Under date of September 8th, Sergeant Yelverton writes : —" I will have to stay here longer than I first expected, and there is a chance of me being sent to England if I do not get well quickly. I had a glorious rest the first night I was on the hospital ship. The first thing I had was a good wash. None of us had seen water for a fortnight, except what we had to drink. The next was a change into clean underclothes, my others being alive with lice; the trenches are infested with them. We slept on mattresses spread on the deck. These were very comfort- able too after lying on the bare ground with only one blanket, and sometimes none at all. We live like so many rabbits in our dug-outs in the trenches. The trenches are from six to eight feet deep. Along the side are deep holes, in which we sleep and keep our few belongings We are continually moving from one trench to another, and we are unable to make them our home for more than a day or two. One becomes accustomed to be being awakened at all hours during the night. Not long ago we were without sleep for two nights and days, and during the third night were in the taking of an enemy trench. We found ourselves rushing forward yelling and screaming, all having forgotten about fatigue and want of sleep. It was a great 'go in.' We took the trench and held it. The next day we felt the effects of being without sleep so long, and managed to have a fairly good rest."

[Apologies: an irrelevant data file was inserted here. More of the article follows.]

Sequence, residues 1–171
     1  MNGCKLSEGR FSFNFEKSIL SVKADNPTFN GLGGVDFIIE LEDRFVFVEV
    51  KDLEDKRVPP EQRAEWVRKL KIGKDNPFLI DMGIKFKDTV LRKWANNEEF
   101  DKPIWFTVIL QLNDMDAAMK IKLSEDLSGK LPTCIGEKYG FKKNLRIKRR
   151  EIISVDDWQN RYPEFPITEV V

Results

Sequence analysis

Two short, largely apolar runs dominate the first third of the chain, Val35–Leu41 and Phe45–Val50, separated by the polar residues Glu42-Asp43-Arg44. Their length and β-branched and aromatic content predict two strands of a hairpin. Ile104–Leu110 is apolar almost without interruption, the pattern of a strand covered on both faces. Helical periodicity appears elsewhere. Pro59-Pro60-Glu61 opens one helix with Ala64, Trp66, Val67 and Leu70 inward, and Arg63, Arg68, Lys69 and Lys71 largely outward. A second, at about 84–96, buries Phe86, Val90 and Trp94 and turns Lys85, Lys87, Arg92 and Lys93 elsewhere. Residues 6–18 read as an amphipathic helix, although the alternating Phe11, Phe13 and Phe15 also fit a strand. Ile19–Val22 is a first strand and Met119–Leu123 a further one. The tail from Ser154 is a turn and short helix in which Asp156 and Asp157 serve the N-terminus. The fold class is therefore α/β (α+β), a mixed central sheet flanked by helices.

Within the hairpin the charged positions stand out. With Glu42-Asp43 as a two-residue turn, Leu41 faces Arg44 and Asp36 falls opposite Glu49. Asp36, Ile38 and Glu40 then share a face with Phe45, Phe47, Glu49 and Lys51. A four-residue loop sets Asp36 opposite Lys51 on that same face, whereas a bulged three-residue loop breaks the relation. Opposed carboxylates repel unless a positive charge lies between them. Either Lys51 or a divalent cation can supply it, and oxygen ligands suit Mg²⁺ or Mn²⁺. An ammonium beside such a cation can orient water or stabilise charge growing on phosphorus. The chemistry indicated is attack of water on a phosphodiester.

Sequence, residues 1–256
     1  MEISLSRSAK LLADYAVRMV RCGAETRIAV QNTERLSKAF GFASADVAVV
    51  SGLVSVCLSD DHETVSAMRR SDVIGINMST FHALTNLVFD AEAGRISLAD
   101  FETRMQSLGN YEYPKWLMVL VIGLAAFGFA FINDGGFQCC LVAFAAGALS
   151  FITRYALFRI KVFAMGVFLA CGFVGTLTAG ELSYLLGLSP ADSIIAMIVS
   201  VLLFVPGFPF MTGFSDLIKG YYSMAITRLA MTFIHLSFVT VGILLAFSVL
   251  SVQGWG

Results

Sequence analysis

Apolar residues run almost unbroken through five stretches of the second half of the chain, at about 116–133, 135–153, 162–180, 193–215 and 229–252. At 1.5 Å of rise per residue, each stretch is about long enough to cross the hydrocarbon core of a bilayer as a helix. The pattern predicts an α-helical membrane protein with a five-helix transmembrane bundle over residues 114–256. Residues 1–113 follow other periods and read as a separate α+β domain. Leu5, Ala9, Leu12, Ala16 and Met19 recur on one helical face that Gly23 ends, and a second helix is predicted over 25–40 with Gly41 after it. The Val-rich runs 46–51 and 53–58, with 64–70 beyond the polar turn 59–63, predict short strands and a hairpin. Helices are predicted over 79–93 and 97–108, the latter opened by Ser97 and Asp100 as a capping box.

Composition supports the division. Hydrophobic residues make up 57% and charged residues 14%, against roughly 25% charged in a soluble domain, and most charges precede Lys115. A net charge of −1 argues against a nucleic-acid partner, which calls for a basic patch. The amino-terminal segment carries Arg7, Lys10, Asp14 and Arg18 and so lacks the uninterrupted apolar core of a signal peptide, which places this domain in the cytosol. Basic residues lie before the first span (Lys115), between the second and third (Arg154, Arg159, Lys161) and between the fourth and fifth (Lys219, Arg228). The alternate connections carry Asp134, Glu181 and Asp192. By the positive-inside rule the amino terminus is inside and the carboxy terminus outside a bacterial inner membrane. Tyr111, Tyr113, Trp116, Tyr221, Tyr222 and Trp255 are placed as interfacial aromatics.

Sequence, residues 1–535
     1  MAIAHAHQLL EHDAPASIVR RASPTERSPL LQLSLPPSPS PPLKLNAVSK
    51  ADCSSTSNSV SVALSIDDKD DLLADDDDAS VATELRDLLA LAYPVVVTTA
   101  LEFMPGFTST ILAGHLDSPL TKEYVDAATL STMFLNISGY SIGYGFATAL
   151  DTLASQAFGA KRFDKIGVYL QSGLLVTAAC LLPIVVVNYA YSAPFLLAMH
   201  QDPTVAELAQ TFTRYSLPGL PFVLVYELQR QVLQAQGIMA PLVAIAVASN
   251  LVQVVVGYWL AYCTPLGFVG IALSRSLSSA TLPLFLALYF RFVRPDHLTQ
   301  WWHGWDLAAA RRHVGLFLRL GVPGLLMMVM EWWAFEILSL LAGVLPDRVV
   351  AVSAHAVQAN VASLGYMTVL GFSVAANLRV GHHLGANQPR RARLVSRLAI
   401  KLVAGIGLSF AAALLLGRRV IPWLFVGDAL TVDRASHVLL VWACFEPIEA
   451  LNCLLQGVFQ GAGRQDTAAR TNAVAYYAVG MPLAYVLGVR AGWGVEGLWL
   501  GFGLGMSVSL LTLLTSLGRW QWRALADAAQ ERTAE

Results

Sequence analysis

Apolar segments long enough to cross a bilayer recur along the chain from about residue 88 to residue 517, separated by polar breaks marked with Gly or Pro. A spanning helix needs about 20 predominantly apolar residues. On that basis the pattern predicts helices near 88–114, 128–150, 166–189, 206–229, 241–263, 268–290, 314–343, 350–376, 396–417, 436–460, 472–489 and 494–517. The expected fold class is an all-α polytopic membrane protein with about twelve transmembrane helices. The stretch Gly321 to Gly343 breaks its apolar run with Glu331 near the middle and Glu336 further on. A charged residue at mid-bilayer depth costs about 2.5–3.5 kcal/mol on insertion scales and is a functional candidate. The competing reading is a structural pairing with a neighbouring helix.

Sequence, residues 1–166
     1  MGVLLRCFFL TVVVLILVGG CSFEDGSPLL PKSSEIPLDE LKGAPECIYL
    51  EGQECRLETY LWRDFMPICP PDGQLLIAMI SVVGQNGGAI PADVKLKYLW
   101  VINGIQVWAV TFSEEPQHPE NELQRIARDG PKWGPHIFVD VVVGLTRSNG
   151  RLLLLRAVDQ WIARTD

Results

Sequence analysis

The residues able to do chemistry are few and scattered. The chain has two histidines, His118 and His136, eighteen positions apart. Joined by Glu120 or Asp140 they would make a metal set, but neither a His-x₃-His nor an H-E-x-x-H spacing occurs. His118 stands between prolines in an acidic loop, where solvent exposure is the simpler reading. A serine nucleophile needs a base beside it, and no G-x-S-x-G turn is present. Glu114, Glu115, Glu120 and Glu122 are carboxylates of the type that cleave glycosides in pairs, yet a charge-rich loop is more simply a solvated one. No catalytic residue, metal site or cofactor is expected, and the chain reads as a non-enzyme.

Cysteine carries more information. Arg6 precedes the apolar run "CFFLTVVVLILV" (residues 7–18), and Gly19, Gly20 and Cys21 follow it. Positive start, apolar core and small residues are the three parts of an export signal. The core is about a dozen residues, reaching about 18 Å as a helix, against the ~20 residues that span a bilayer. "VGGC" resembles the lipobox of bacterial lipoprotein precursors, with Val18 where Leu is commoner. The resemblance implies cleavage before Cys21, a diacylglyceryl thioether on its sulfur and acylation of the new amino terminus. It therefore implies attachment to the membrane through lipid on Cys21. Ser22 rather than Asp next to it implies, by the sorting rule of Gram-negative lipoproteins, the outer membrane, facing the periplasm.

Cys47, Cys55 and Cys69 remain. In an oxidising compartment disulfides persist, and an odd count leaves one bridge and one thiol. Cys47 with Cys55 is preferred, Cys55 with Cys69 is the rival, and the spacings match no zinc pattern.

On September 10th Sergeant Yelverton states:—"The doctor says that I will have to go to England before rejoining my regiment. That means it will be another six weeks before I return."

**Sergeant Hilton Yelverton was wounded in action in France on 5th July, 1916.

He died on 21st October, 1916 at Military Hospital, Chatham, England (as per Report of Death of a Soldier – Army Form B.2090A) from wounds received in action in France - G.S.W. (Gunshot wound/s) to Legs. (But most probably died at Queen Mary’s Royal Naval Hospital, Southend-On-Sea.)




The friends of Mrs. Yelverton, late of Bussleton, at now of Marmion and Napier streets, Cottesloe, will regret to hear of the death of her son, Hilton Charles, who died on October 21, at Queen Mary's Royal Naval Hospital, Southend, Essex, of wounds received in France on July 23. Sergt. Yelverton was the third son of the late Mr. H. J. Yelverton of Quindalup. He was 22 years of age. He left Western Australia with the 11th Battalion on April 29, 1915. He was wounded at Gallipoli, was invalided to England, returned to Egypt, and was there transferred to the 51st Battalion which left for France on June 6 last. He was educated at the Scotch College. He made a large circle of friends, who will deeply deplore his early death. His younger brother, Sergt. Mervyn Yelverton, is at present with the forces in France." - from the Perth Western Mail 24 Nov 1916 (nla.gov.au)